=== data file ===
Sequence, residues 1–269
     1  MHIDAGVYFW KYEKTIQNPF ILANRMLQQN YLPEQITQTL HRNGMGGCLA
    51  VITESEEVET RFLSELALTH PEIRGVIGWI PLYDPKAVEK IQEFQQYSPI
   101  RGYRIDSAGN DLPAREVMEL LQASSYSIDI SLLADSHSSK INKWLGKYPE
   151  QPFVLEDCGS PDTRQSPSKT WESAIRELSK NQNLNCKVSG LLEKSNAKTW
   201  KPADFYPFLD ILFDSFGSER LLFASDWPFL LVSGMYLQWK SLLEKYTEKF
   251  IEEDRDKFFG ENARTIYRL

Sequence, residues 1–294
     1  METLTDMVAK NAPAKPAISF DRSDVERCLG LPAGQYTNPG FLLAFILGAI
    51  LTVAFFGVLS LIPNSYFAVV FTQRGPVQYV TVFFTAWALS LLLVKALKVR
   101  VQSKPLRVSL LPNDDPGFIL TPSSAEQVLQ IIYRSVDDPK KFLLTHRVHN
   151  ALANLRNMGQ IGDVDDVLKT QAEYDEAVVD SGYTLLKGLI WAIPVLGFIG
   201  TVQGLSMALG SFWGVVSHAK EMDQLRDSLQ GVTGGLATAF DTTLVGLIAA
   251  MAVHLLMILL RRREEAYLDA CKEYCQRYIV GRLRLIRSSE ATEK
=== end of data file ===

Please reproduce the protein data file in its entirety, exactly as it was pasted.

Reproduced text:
Sequence, residues 1–269
     1  MHIDAGVYFW KYEKTIQNPF ILANRMLQQN YLPEQITQTL HRNGMGGCLA
    51  VITESEEVET RFLSELALTH PEIRGVIGWI PLYDPKAVEK IQEFQQYSPI
   101  RGYRIDSAGN DLPAREVMEL LQASSYSIDI SLLADSHSSK INKWLGKYPE
   151  QPFVLEDCGS PDTRQSPSKT WESAIRELSK NQNLNCKVSG LLEKSNAKTW
   201  KPADFYPFLD ILFDSFGSER LLFASDWPFL LVSGMYLQWK SLLEKYTEKF
   251  IEEDRDKFFG ENARTIYRL

Sequence, residues 1–294
     1  METLTDMVAK NAPAKPAISF DRSDVERCLG LPAGQYTNPG FLLAFILGAI
    51  LTVAFFGVLS LIPNSYFAVV FTQRGPVQYV TVFFTAWALS LLLVKALKVR
   101  VQSKPLRVSL LPNDDPGFIL TPSSAEQVLQ IIYRSVDDPK KFLLTHRVHN
   151  ALANLRNMGQ IGDVDDVLKT QAEYDEAVVD SGYTLLKGLI WAIPVLGFIG
   201  TVQGLSMALG SFWGVVSHAK EMDQLRDSLQ GVTGGLATAF DTTLVGLIAA
   251  MAVHLLMILL RRREEAYLDA CKEYCQRYIV GRLRLIRSSE ATEK